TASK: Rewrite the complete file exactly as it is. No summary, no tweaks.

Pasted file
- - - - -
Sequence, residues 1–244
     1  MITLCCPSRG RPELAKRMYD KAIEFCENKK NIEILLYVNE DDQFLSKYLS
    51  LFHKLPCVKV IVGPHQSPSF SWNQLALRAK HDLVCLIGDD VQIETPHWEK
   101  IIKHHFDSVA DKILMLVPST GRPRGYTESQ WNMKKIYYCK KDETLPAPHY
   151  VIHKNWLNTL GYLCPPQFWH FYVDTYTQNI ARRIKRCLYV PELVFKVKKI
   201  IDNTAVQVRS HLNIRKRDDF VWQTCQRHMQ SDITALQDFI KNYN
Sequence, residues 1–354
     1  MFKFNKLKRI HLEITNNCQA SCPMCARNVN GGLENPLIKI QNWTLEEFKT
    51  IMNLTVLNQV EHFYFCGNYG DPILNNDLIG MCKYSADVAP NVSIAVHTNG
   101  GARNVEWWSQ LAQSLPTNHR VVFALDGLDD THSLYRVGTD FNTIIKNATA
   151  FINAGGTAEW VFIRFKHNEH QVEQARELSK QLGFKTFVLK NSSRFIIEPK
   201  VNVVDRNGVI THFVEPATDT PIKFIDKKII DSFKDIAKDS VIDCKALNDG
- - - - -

Sequence, residues 1–244
     1  MITLCCPSRG RPELAKRMYD KAIEFCENKK NIEILLYVNE DDQFLSKYLS
    51  LFHKLPCVKV IVGPHQSPSF SWNQLALRAK HDLVCLIGDD VQIETPHWEK
   101  IIKHHFDSVA DKILMLVPST GRPRGYTESQ WNMKKIYYCK KDETLPAPHY
   151  VIHKNWLNTL GYLCPPQFWH FYVDTYTQNI ARRIKRCLYV PELVFKVKKI
   201  IDNTAVQVRS HLNIRKRDDF VWQTCQRHMQ SDITALQDFI KNYN
Sequence, residues 1–354
     1  MFKFNKLKRI HLEITNNCQA SCPMCARNVN GGLENPLIKI QNWTLEEFKT
    51  IMNLTVLNQV EHFYFCGNYG DPILNNDLIG MCKYSADVAP NVSIAVHTNG
   101  GARNVEWWSQ LAQSLPTNHR VVFALDGLDD THSLYRVGTD FNTIIKNATA
   151  FINAGGTAEW VFIRFKHNEH QVEQARELSK QLGFKTFVLK NSSRFIIEPK
   201  VNVVDRNGVI THFVEPATDT PIKFIDKKII DSFKDIAKDS VIDCKALNDG